Friday, March 28, 2008
Bring ideas to A Liveable Carlisle Community forum on April 5
What do Carlisleans want? On Saturday, April 5, from 9 a.m. until noon, A Liveable Carlisle Community (LCC) will invite townspeople to join them at the Carlisle School’s Corey Dining Room to try to answer that question.
A private grass-roots organization, LCC’s charter is to facilitate “vitality and connectedness in the present Carlisle community and to plan for a future Carlisle community” that will likely include an aging population. The upcoming event will be a follow-up to two planning days held last spring at which many participants spoke of the need for a community center. However, according to Chair Marlene Fine, the intent of the April 5 meeting is to “bring people together, not advocate for any particular program.”
The formation of the LCC arose from Fine’s work on the last gubernatorial campaign, when her canvassing in town uncovered many senior citizens who felt their needs were not being addressed. As a 59-year-old with a son at CCHS and another in college, Fine had been out-of-touch with the “senior demographic,” though she admits, “I should be thinking ahead.” Fine is also a college professor teaching communications, and “very interested in how people engage with the political process.” She convened a group within the Democratic Town Committee (DTC) that included Kathy Coyle and Roy Green, and they soon decided the issues required town-wide, non-partisan input. The three then took the committee outside the DTC and recruited membership representing a broad swath of the community.
There are currently nine members of the steering committee, representing a range of ages and life-situations. Fine says their goal is to “think creatively about issues and find ways to create more flexible programs” as the town plans ahead. As examples, could new school buildings take into account the needs of constituencies outside the school? Could a senior center include activities for non-seniors? Other issues, including transportation and housing, need to be discussed with an eye toward changing demographics. Will seniors be able to reside comfortably in the Carlisle of the future?
Fine notes the LCC has been very busy over the past year "having lots of meetings with various groups in the community" including the Selectmen. "The reception has been really positive, and that makes us feel there is a real need for a coordinated effort here."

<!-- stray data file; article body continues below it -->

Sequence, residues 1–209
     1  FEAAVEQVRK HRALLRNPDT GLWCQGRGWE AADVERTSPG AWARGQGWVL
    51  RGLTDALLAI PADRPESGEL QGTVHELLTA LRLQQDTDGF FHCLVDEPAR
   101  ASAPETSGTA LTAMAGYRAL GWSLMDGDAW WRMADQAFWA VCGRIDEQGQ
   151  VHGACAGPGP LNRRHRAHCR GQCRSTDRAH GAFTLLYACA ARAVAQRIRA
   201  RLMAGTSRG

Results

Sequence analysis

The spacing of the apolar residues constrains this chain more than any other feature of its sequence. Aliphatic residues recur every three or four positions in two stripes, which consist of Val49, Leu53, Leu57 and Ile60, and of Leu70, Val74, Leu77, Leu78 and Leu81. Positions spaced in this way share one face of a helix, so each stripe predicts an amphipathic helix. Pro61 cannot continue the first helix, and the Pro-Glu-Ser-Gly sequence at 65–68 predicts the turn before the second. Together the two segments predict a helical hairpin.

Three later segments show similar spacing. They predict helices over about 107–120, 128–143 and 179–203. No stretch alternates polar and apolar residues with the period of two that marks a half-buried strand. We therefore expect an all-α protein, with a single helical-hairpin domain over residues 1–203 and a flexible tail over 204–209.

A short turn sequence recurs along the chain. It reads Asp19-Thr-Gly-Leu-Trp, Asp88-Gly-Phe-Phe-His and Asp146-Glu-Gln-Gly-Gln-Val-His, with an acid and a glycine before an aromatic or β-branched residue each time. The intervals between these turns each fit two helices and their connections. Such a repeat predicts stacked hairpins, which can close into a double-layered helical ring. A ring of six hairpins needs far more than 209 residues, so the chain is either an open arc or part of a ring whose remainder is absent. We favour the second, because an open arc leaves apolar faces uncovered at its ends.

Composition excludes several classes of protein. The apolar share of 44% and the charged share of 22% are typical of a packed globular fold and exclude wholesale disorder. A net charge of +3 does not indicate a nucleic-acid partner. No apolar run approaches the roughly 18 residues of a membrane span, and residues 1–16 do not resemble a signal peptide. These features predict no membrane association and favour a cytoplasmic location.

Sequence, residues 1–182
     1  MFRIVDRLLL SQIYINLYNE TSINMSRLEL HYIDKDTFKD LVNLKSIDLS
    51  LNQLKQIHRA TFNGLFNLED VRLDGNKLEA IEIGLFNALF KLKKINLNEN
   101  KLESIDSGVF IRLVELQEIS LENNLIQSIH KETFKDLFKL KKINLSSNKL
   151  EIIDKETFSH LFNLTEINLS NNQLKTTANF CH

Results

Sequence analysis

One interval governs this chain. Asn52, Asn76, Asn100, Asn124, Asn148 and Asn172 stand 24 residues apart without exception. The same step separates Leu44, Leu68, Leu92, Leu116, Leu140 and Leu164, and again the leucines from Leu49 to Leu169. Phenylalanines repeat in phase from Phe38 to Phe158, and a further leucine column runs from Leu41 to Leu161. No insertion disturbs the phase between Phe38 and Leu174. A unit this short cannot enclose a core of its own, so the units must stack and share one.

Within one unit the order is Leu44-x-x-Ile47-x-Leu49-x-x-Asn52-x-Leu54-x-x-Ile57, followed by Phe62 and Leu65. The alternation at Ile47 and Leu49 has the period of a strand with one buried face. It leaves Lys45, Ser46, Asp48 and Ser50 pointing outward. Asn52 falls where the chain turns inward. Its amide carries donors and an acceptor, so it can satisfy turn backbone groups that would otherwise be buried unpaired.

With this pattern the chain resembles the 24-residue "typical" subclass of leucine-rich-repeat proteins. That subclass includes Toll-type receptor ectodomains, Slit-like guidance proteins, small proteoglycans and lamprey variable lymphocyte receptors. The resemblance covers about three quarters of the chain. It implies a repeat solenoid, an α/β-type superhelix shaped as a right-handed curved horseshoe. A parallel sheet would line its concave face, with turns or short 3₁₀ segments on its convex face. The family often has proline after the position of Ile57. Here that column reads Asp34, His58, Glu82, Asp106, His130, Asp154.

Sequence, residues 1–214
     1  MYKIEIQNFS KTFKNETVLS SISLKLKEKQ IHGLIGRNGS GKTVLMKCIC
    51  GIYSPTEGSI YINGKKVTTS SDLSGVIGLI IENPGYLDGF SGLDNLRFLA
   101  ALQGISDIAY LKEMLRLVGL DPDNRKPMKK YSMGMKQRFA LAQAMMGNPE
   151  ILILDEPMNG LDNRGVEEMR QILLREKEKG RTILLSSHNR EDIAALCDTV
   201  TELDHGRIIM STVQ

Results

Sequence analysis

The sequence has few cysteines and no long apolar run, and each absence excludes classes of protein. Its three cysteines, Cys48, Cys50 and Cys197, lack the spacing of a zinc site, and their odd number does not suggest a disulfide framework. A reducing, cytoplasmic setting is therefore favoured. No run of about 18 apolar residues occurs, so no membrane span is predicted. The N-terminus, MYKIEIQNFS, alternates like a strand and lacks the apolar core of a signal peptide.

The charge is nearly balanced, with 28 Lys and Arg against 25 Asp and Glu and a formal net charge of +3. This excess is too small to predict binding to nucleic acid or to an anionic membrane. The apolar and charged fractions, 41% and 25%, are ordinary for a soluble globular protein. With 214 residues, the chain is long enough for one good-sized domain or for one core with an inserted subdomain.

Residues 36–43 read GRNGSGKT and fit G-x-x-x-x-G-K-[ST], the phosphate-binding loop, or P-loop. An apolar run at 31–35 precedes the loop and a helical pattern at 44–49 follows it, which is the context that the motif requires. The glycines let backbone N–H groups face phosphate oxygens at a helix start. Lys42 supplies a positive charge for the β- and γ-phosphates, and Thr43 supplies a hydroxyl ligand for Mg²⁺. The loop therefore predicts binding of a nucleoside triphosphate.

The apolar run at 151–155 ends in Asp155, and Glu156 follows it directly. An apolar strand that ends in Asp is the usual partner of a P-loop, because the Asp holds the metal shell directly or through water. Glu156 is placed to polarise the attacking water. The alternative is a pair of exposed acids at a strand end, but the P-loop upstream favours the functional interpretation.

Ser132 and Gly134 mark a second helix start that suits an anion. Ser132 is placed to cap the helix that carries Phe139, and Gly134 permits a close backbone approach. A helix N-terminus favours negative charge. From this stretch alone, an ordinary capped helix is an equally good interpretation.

They have also been in touch with planning entities of other towns. Lexington provides a model for gathering substantial public input befor redisigning the town center. "The told us we need to have many, many more conversations to set proirities and build consensus," says Fine.
Past town priorities
Carlisle is a town that likes to plan, and over many decades, committees have been formed, surveys conducted, and planning days held, all in an attempt to arrive at consensus long-term twon goals. According to information provided by the LCC, a 1974 survey that netted a 50% response on the then 880 homes discovered taxes and growth to be the big issue in Carlisle, with 98% in agreement that the first priority should be retaining small-town character. Retention of farming, acquisition of conervation land, slower population growth and a reduced tax rate were the highest priorities with increased economic and racial diversity and solving the "nuisance insect problem" also highly rated.
Having a consensus may have spurred the town into action. Land purchases were targetted to preserve open space, and from 1973 to '78, over 450 acres of land, including Greenough, Banta-Davis, Conant, and the Davis Corridor were acquired by the town.
Not all problems lend themselves to solution (the town is no more racially diverse, and the mosquitoes are still here.) John Ballantine, a member of the LCC, has been involved in town planning for many years, and he admits it's easy to be pessimistic amidst the current atmosphere of financial belt-tightening. But he adds, "We need to get a dialog going and get a sense of where the town is." Once a direction is determined, "then we can figure out what the next steps are." ∆
© 2008 The